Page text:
Today’s Washington Post features an op-ed by John Hopkins’ SAIS professor Eliot Cohen arguing – via a series of fictional statements – that the Obama team’s decision to speak with Bob Woodward is likely to have a devastating impact on our ability to win in Afghanistan and elsewhere.
The technique is too cute by half. I could just as easily come up with a series of quotes by people who believe that the costs of the war in Afghanistan far exceed the benefits. (e.g. The widow of a soldier killed in Afghanistan, upon reading the Woodward excerpts, bursts into tears. “Why have we chosen to fight a war that Gen. Petraeus admits we will likely never win, and which our children and grandchildren will be fighting?”)
By the same token, Cohen employs Mahmoud Ahmadinejad and Benjamin Netanyahu to make his case that Obama is weak. How hard would it be to make up fictional statements by two other heads of state – say, by allies who have pulled out of Afghanistan, or are preparing to – that they are encouraged to see that someone in the U.S. government recognizes that the war in Afghanistan is a gross misallocation of resources and is looking for ways to refocus counterterrorism efforts, and away from a decades-long nation-building mission that is likely to fail? Not hard.
But I refuse to play Cohen’s game according to his rules. Better to focus on the flaws of his underlying argument – to the extent that there is one – that the reason we aren’t winning this/these war/wars is because the president’s aides are talking out of school. If they just shut up, and did what the generals said (some of whom, by the way, must also be talking to Woodward) we’d be on the road to victory.
As with an earlier Afghanistan story that began with a few ill-considered remarks to a reporter, we shouldn’t be focused on the fact that people talk off the record. That is the story that Cohen and other war-hawks tell. The more important story is that the Afghan strategy is fatally hamstrung by 1) an unreliable local partner, a necessary ingredient for any successful counterinsurgency campaign; 2) a profound lack of trust between the Afghan people and the American/NATO counterinsurgents; and 3) a complete mismatch between the ends sought and the resources (time, money, troops) available.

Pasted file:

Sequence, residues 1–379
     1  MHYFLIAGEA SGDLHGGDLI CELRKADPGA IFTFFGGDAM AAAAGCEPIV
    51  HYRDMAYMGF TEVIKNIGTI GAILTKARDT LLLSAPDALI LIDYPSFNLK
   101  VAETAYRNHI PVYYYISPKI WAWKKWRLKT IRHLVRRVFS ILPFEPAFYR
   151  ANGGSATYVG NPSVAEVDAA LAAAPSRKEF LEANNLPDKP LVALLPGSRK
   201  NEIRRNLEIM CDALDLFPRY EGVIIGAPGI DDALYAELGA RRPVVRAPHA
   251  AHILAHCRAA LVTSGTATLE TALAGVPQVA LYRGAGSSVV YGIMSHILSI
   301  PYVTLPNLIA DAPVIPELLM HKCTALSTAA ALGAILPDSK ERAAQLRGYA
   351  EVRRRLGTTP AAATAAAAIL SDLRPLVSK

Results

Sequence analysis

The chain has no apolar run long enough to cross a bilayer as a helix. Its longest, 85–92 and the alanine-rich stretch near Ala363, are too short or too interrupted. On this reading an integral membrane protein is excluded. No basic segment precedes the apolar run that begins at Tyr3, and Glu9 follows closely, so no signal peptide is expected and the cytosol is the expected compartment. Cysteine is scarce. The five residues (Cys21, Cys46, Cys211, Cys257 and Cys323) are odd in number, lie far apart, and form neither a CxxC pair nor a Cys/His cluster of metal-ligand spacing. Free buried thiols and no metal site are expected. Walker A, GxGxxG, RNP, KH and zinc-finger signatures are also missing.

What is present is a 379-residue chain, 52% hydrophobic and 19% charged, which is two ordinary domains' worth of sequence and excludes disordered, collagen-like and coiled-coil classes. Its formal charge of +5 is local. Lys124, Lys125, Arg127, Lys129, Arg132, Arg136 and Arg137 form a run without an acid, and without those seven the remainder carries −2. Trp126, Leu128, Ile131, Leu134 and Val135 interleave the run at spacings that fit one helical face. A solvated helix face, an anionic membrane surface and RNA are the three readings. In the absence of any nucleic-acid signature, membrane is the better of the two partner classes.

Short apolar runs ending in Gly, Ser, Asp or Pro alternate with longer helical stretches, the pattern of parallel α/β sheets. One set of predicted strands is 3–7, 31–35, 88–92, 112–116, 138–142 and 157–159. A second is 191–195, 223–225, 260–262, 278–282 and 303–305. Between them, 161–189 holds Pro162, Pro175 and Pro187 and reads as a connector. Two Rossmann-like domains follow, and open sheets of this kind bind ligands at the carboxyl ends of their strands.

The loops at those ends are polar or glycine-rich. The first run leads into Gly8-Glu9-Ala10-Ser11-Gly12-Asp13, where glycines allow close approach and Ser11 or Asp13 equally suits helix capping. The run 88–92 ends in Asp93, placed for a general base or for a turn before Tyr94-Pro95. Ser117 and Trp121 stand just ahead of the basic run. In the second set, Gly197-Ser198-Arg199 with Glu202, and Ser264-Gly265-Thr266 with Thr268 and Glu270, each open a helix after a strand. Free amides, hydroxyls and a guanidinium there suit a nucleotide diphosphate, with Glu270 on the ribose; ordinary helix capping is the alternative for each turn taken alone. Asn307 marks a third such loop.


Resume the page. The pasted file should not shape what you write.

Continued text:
I have no idea how Cohen responds to points one and two. Those two problems are not unique to Afghanistan, and the absence of those two conditions has doomed many other counterinsurgency missions.
As for number three, Cohen might believe that talking about victory will convince the American people that they should back the military’s preferred strategy, which OMB said would cost $889 billion over the next 10 years (on top of the $250+ billion already spent), as the best possible use of money that we do not have. Indeed, Cohen has apparently convinced himself that the American people would be anxious to spend another ten or twenty years bogged down in a distant land trying to rebuild roads and schools, if only the president talked about it more often. Cohen might even believe, contrary to all evidence, as well as basic common sense, that the U.S. government is capable of creating a functioning nation state in Afghanistan, and that it constitutes a vital U.S. national interest to make that happen.
In short, Eliot Cohen believes that President Obama shouldn’t question how the Afghan mission aligns with our vital security interests, or even if it is achievable. He’d rather that he just shut up, believe in it – really believe –and back the generals.
I disagree. Where Cohen scorns (via proxies spouting imagined off-the-record quotes) internal administration deliberations as dangerously misguided, I am perversely encouraged that the president seems at least willing to ask hard questions, and that some of his advisers understand the utter futility of the current enterprise.
Of course, I’d be even happier if President Obama did what past presidents have done: determine the strategy, give the order, and expect the military to carry it out. And if the military leaders that he has won’t do it, he can find others. There are lots of them.